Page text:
Two different ways to use synchronous detection in camera 720 are now described. One technique uses a light source that is modulated at high speed and a conventional "slow" pattern generator. In this case sync signal 725 is sent from the light source modulator to the camera. A second technique uses a continuous wave light source and a fast pattern generator based on a fast, linear array light modulator such as a linear array micromechanical ribbon light modulator. In this case sync signal 730 is sent from the pattern generator to the camera. The frequency of a sync signal is phase locked to the driving frequency of the light source modulator or pattern generator as the case may be. Demodulation may be performed in the camera, or in an external demodulator using image data obtained by the camera.
 The two techniques yield different improvements over conventional systems. Both techniques are compatible with systems in which a camera is used to determine lateral (X, Y) and depth (Z) information, and with systems in which a camera is used to determine lateral (X, Y) information while a wand is used to determine depth (Z) information. Before discussing the details of the two synchronous detection schemes it is instructive to take a closer look at structured light patterns.
 FIG. 8 shows examples of structured light patterns. One example pattern is shown in column "A" and another is shown in column "B". The spatial phase axis shows the variation of brightness in a pattern versus position. The temporal phase axis shows the variation of brightness in a pattern versus time. In FIG. 8, the spatial phase axis is continuous, but the temporal phase is shown only at four discrete times identified by their phases: 0, 90, 180 and 270 degrees. A typical pattern generator generates four phases in sequence as shown in FIG. 8; however, any greater number of phases may also be used. Further, it is possible to use as few as three phases (e.g.: 0, 120, and 240 degrees). The rate at which a pattern generator generates phases of a pattern is the pattern generator's repetition rate.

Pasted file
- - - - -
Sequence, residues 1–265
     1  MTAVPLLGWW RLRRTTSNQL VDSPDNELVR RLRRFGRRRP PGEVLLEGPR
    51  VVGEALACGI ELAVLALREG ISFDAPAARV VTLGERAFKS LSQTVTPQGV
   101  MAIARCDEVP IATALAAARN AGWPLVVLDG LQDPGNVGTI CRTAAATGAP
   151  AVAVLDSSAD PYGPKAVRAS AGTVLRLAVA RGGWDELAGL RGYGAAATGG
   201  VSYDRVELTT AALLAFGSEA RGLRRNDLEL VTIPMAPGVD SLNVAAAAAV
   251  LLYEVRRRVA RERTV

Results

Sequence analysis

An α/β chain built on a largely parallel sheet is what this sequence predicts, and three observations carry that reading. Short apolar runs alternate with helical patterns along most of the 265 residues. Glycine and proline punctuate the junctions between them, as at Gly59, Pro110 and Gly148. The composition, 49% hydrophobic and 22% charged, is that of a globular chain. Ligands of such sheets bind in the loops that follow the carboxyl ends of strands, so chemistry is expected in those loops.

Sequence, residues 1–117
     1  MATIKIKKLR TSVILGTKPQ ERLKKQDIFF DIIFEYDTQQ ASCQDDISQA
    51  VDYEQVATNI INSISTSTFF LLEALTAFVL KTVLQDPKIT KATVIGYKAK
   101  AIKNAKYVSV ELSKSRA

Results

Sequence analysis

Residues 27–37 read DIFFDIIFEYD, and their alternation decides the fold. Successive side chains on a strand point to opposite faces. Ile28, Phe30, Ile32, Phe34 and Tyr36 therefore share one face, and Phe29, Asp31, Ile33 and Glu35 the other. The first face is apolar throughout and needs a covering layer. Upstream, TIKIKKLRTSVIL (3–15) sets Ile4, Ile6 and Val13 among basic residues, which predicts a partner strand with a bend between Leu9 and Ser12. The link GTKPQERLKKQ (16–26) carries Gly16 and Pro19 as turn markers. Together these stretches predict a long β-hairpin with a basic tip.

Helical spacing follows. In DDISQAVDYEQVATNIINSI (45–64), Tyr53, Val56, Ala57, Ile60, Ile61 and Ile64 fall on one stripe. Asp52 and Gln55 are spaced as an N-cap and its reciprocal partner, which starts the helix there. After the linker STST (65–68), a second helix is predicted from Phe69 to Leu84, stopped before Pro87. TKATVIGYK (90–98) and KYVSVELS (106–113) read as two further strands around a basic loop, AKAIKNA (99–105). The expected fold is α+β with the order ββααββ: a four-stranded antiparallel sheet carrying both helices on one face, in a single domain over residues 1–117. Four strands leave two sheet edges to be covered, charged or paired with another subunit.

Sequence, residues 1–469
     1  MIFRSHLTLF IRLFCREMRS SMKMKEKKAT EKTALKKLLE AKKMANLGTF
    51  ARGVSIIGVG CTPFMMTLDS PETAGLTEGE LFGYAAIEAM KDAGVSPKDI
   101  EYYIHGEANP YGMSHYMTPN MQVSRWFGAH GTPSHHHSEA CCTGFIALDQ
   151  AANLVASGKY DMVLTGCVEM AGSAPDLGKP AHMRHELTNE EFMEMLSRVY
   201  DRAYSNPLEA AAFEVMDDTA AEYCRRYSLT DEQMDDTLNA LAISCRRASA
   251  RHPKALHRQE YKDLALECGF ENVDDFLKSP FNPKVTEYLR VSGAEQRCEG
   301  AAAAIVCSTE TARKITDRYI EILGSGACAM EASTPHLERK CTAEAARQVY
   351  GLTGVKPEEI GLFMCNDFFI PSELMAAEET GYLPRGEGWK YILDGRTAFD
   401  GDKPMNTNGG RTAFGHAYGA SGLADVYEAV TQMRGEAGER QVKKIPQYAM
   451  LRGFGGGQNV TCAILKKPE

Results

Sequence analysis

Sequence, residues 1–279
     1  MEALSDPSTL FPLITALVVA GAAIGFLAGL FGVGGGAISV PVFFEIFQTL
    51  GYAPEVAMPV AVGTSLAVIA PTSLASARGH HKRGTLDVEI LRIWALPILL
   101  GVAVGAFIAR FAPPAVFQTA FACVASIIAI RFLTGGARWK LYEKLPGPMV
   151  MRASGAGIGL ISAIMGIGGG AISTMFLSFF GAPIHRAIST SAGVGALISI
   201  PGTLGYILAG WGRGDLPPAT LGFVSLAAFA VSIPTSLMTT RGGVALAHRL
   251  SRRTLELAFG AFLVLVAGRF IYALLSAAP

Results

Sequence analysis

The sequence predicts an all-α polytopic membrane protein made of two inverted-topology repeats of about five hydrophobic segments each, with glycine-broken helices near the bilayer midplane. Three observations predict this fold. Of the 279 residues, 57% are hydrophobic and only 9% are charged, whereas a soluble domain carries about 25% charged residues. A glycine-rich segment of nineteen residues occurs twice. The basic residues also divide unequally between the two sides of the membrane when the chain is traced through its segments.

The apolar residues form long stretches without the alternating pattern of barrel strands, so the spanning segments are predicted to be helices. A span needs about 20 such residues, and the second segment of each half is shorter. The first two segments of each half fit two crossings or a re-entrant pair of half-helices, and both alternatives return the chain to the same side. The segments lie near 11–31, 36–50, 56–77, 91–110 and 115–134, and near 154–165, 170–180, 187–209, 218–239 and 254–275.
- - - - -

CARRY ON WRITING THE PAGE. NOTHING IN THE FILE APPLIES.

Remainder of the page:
The patterns in column "B" are typical of what may be generated by a pattern generator when the number of "stripes" in the projected pattern is significantly less than the number of modulator elements; i.e. the number of modulator elements is roughly ten or more times the number of stripes in the pattern. When the number of modulator elements per stripe (i.e. per period) of the pattern is reduced, a pattern such as that shown in column "A" results. The minimum number of modulator elements per pattern period is three or four depending on how many phases are generated by the pattern generator.